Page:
Then with these claims, the microbiome industry navigates a space that is adjacent to things like probiotics, which to date haven’t been regulated, et cetera. You really need to make sure that what you say is backed by science, backed by consensus in science and caveated in a way that makes it factual, but also accessible to the customer. That is challenging, and it’s challenging in communication as much as it is in what we do behind the scenes, and that’s where we’ve been really responsible.

[00:05:22] Alice: As one of the co-founders of EF, I’m also keen to understand why people join us. Whilst EF plays an integral role in making a founder’s role ambition a reality, we often find that goals and ambitions change once they’ve joined us. I asked Hana to tell us a little bit more about why she joined EF.

[00:05:36] Hana: I joined EF because I had been working in the microbiome space. I’d worked in the lab, and I’d seen all the different applications of this kind of technology. But I’d seen a really big sort of huge space and lack of anything being done when it came to the microbiome in the vagina and women’s health. Which to me was ridiculous, because of all the microbiomes, it’s the most directly accessible and meaningful, and impacts over 30 women’s conditions. I had this idea that like, well, this is ridiculous. This needs to change. Someone introduced me to Jade who used to work at EF back in the day, I think. I just sat down with her and I said, “Biology is great, but this is terrible and this is what needs to be changed,” et cetera and she’s like, “Well, come to EF and do it there.”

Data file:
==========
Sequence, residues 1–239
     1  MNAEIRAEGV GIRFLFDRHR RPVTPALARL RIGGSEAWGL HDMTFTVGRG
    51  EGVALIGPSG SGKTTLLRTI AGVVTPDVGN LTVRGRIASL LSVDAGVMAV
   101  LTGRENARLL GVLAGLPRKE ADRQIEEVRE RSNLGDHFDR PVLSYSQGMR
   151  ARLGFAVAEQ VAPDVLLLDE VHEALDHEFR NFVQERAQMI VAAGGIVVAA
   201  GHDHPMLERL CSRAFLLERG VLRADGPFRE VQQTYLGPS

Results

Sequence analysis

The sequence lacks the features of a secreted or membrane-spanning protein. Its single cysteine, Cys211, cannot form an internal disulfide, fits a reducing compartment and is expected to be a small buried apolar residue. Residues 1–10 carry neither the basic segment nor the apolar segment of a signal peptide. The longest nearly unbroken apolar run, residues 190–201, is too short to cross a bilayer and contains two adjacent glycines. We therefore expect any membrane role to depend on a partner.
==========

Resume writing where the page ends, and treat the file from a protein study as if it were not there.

[00:06:20] Alice: Alexandra had tried starting a company before, but she felt that EF could take her founder ambitions to the next level.